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Skywatch: Bringing space down to earth
SKYWATCH

Skywatch: Bringing space down to earth

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If you haven’t already, take a minute to google the OSIRIS-REx spacecraft’s touch-and-go sampling of the carbonaceous, near-earth asteroid (101955) Bennu, on October 20. The dramatic video provides a front-row seat to a brand of science atypical in our study of the universe.

Unlike most other sciences, astronomy rarely enjoys the luxury of directly sampling the objects of study. Roughly 100 tons of meteorites comprise most extraterrestrial material on Earth, with 842 pounds of rocks collected by six Apollo moon landings coming in a distant second.

Among the meteorites are exceedingly rare bits of known asteroids, the moon, and Mars, presumably blasted off those bodies long ago by violent impacts, ultimately plummeting to earth.

Despite Venus’s and Mercury’s proximity, we know of no meteorites that definitely originate from either, likely because of the difficulty for impact ejecta to escape Venus’s thick atmosphere and the sun’s deep gravitational well.

The Genesis probe, despite its crash-landing due to re-entry parachute failure, returned solar wind atoms and molecules from outside earth’s orbit in 2004.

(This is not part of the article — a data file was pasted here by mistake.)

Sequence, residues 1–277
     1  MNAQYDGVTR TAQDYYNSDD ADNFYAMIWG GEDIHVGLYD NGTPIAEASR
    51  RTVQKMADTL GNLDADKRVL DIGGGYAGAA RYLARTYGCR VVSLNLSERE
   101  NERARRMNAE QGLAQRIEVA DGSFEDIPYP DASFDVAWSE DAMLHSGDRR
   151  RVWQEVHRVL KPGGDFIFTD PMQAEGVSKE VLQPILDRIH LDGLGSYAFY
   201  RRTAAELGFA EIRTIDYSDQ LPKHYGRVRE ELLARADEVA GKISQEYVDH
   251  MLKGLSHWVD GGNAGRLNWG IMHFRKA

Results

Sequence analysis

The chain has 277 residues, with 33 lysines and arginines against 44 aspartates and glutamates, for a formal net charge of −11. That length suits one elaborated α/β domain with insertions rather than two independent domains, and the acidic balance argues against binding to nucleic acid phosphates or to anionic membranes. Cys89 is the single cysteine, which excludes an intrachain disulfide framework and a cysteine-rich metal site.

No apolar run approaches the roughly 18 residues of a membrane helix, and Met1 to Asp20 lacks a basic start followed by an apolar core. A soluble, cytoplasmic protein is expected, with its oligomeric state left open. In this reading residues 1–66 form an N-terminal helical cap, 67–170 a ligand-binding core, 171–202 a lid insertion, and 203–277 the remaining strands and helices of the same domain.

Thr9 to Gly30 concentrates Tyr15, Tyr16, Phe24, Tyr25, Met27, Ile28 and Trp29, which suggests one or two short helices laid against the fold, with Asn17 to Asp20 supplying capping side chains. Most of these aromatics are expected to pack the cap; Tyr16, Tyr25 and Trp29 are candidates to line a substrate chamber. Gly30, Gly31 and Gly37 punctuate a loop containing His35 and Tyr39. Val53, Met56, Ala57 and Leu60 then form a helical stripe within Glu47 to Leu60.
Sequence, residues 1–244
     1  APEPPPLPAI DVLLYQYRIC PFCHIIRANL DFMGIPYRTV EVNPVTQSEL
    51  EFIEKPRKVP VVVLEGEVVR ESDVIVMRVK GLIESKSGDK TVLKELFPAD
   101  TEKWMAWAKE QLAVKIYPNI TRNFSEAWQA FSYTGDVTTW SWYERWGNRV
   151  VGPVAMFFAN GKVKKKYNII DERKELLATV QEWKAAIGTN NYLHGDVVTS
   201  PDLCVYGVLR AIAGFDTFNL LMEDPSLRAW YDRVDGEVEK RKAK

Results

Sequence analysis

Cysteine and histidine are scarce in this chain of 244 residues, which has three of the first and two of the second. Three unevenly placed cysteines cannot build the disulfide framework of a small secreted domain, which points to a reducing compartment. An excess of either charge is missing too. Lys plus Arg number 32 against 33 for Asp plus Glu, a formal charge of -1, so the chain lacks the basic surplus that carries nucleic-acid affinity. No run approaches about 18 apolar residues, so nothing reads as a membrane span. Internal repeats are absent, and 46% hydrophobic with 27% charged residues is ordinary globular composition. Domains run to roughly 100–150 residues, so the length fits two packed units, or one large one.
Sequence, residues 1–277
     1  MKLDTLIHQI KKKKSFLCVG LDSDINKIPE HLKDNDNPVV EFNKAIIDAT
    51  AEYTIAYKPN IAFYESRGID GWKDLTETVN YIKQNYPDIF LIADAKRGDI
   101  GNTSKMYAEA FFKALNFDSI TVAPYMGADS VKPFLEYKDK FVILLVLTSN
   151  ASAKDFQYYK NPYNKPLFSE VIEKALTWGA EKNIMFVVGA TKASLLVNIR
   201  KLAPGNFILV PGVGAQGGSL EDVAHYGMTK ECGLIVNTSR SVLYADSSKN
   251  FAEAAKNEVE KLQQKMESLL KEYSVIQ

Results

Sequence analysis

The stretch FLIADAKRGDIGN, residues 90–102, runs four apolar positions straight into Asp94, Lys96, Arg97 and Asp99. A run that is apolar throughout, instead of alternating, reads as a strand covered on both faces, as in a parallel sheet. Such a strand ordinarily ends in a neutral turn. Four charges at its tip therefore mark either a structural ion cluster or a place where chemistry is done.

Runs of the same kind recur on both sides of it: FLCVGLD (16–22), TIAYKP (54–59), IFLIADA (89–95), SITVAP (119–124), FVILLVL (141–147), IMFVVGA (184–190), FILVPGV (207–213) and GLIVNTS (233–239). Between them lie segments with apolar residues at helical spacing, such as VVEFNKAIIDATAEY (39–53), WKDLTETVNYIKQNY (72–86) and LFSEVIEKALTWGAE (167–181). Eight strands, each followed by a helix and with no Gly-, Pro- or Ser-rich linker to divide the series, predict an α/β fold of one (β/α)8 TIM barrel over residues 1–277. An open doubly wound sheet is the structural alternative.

The Stardust spacecraft collected both interstellar grains and bits of Comet Wild 2, dropped off on earth in 2006 and still being inventoried and studied.

Japan’s Hayabusa probe, despite numerous technical glitches, secured a few micrograms of dust plucked from the stony asteroid (25143) Itokawa in 2010.

Its successor, Hayabusa 2, collected a sample of the carbonaceous asteroid (162173) Ryugu in 2018, due to arrive early next month.

OSIRIS-REx got so much material from Bennu that it overfilled its collection chamber, now secured for return in 2023.

Finally, the Perseverance rover, launched in July, will cache samples of Mars on the Red Planet’s surface by 2023, although there are no definite plans yet for retrieving them.

Next column: A lunar eclipse for aficionados only.

Chris Anderson manages the College of Southern Idaho’s Centennial Observatory in Twin Falls. He can be reached at 732-6663 or canderson@csi.edu.

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